- Fertility rate (births per woman): 1.46

Neighboring Bosnia and Herzegovina, Serbia has had a difficult and war-torn past, but the median age in the country is still well above average. One possible reason for this is that, just like Bosnia and Herzegovina, the country places a strong emphasis on social and family ties as well as marriage. As discussed before, stronger relationships can improve overall health, leading to longer lives.

Raphealny // Pixabay

#18 youngest: Nigeria

- Median age: 18.3
- Fertility rate (births per woman): 5.53

Nigeria is the eighth most populated country in the world, with an estimated 196 million people calling this nation home. However, they also have one of the youngest populations in the world. Many factors contribute to this: Terror groups like Boko Haram, which killed 900 people in 2017, millions living below the poverty line, inadequate health care (HIV/AIDS and malaria are the two biggest concerns), air and water pollution, and malnutrition are the primary culprits.

idefixgallier // Pixabay

#17 oldest: Estonia

- Median age: 43
- Fertility rate (births per woman): 1.58

There are many factors in Estonia that seem as though they should have a negative effect on the country's average lifespan. For example, life satisfaction is low, overall health is down: 25% of Estonians are at risk of getting cancer before the age of 75, and income is just about half of what the OECD considers average. But one thing that saves them, and possibly contributes to their older median age, is their work-life balance, which ranks 7.7 out of 10.

Robbert van der Steeg // Wikipedia Commons

#17 youngest: Somalia

- Median age: 18.2
- Fertility rate (births per woman): 6.27

The Somali Civil War began in 1991, and has still yet to find a resolution. While some think it's getting closer—a 2017 election, albeit riddled with corruption and violence, was seen as a major stepping stone—others think there's still a way to go before reaching the end. An estimated 1 million Somalis have died as a result of the conflict, which is arguably the main reason for the country's young population.

Wengen // Pixabay

#16 oldest: Bulgaria

- Median age: 43
- Fertility rate (births per woman): 1.53

Genetics play an important role in life expectancy. Genes determine our susceptibility to diseases like cancer and diabetes. Bulgaria, adjacent to Greece and Turkey, has a well-below-average rate of cancer incidences and mortality, and only 7.9% of its population has diabetes—statistics that would seem to indicate that their strong genetics play a large part in the high median age in the country.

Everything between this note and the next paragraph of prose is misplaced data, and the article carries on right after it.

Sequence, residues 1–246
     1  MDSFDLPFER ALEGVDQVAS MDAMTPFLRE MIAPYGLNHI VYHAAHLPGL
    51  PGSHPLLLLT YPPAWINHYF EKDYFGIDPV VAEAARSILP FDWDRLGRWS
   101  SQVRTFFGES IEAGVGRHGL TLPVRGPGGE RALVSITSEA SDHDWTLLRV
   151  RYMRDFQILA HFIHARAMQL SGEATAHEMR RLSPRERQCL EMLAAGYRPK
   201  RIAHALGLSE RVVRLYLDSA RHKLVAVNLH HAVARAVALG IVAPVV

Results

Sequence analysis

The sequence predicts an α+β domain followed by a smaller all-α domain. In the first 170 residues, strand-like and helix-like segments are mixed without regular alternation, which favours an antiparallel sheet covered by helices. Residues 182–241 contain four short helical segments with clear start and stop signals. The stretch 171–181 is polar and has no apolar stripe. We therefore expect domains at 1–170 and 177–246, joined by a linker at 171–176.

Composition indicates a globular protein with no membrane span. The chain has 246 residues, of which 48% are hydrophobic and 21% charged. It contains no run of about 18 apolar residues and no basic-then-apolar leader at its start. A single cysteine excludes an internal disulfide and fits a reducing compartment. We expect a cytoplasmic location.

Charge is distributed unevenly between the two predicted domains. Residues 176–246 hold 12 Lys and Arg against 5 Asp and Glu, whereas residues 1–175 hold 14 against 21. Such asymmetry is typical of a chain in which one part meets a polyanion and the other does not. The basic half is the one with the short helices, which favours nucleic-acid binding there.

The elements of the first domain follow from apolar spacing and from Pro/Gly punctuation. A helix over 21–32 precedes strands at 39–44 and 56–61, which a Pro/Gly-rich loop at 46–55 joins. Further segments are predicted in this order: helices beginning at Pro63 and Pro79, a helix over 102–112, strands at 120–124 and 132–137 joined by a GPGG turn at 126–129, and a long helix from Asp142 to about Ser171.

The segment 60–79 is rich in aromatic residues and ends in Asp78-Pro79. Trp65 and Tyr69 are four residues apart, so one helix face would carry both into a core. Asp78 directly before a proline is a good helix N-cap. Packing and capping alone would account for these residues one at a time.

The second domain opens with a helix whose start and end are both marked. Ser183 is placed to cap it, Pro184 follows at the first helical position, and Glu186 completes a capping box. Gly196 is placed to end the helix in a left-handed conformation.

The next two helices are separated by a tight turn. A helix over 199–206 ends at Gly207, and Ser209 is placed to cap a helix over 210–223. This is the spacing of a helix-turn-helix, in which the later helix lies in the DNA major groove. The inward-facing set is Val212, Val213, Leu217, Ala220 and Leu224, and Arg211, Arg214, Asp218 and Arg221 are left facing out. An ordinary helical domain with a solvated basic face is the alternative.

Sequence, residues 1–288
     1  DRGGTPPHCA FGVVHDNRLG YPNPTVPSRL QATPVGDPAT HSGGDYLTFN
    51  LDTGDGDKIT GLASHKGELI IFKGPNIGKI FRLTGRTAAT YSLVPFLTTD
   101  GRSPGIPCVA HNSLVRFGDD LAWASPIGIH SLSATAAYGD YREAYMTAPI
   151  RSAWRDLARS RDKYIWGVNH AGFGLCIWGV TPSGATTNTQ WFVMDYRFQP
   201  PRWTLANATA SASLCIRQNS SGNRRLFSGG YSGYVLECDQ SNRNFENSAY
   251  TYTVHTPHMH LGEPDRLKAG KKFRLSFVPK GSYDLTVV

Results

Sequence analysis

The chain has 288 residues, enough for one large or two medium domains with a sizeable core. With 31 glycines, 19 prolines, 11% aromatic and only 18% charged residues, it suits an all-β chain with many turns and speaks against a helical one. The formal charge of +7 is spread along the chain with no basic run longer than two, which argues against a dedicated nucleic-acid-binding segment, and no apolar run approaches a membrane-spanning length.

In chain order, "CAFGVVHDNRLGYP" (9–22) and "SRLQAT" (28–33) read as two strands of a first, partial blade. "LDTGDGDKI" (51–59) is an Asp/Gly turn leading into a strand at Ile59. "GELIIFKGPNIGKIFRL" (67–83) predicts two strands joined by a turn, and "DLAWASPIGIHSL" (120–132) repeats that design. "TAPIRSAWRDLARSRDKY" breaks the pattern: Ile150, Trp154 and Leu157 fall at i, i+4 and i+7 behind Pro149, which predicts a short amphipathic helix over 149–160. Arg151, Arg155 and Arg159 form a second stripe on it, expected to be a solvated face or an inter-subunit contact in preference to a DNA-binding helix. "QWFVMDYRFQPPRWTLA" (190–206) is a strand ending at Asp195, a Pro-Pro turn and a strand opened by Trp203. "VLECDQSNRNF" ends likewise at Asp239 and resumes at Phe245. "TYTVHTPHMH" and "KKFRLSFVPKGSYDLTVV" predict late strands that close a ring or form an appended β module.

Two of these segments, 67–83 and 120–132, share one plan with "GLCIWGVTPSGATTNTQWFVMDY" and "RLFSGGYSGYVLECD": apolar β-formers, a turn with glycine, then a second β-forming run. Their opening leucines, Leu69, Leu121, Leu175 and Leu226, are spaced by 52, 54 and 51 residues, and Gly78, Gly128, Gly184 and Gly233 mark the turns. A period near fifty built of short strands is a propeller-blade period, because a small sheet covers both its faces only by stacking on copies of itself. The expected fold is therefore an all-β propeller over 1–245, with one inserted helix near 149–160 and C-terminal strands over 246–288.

smahel // Pixabay

#16 youngest: South Sudan

- Median age: 18.1
- Fertility rate (births per woman): 4.86

South Sudan is the world's youngest state, having just established its independence from Sudan in 2011. The civil war that helped South Sudan gain independence is still ongoing, and many are losing their lives to violence. Little aid for humanitarian workers, and an increasing risk of famine, also keeps life expectancy short, lowering the country's median age to 18.1.

TRAVELKR // Pixabay

#15 oldest: Spain

- Median age: 43.1
- Fertility rate (births per woman): 1.33

Spain is well above average in two categories most directly linked to a longer life: community and happiness. General feelings of happiness tend to lower the levels of the stress hormone cortisol in the body and decrease overall inflammation. They also tend to be indicative of a person who has strong relationships and a sense of general well-being. So it's quite possible that the population in Spain lives longer simply because they're happier.

kcelsner // Pixabay

#15 youngest: Ethiopia

- Median age: 18
- Fertility rate (births per woman): 4.2

The political unrest currently taking place in Ethiopia may become responsible for the loss of many young lives. Historically, however, one of the main issues facing the country is malnutrition. Ethiopia's primary industry is agriculture, but factors like severe weather, inadequate equipment, and limited water have made it nearly impossible for most people to grow enough food to feed themselves and their families. The slow economy, as well as the number of people living under the poverty line, has also made it challenging to buy enough food, leaving many to die young.

fjaka // Pixabay

#14 oldest: Croatia

- Median age: 43.3
- Fertility rate (births per woman): 1.4

It's no secret that pollution has an effect on our lives. A new study shows that air pollution shortens lives by more than a year, and water scarcity and quality certainly have an effect on lives as well. Croatia has low levels of air pollution, and its water quality is generally high. 

combonianos_brasil // Pixabay

#14 youngest: Sudan

- Median age: 17.9
- Fertility rate (births per woman): 4.53

The Darfur genocide, in which Darfuris living in Sudan were murdered on the orders of the Sudanese government, began in 2003, resulting in the death of 400,000 Dafuris and displacing 3 million others. The fighting and political unrest that followed led to even more lost lives. All told, this may be part of the reason behind the country's young population.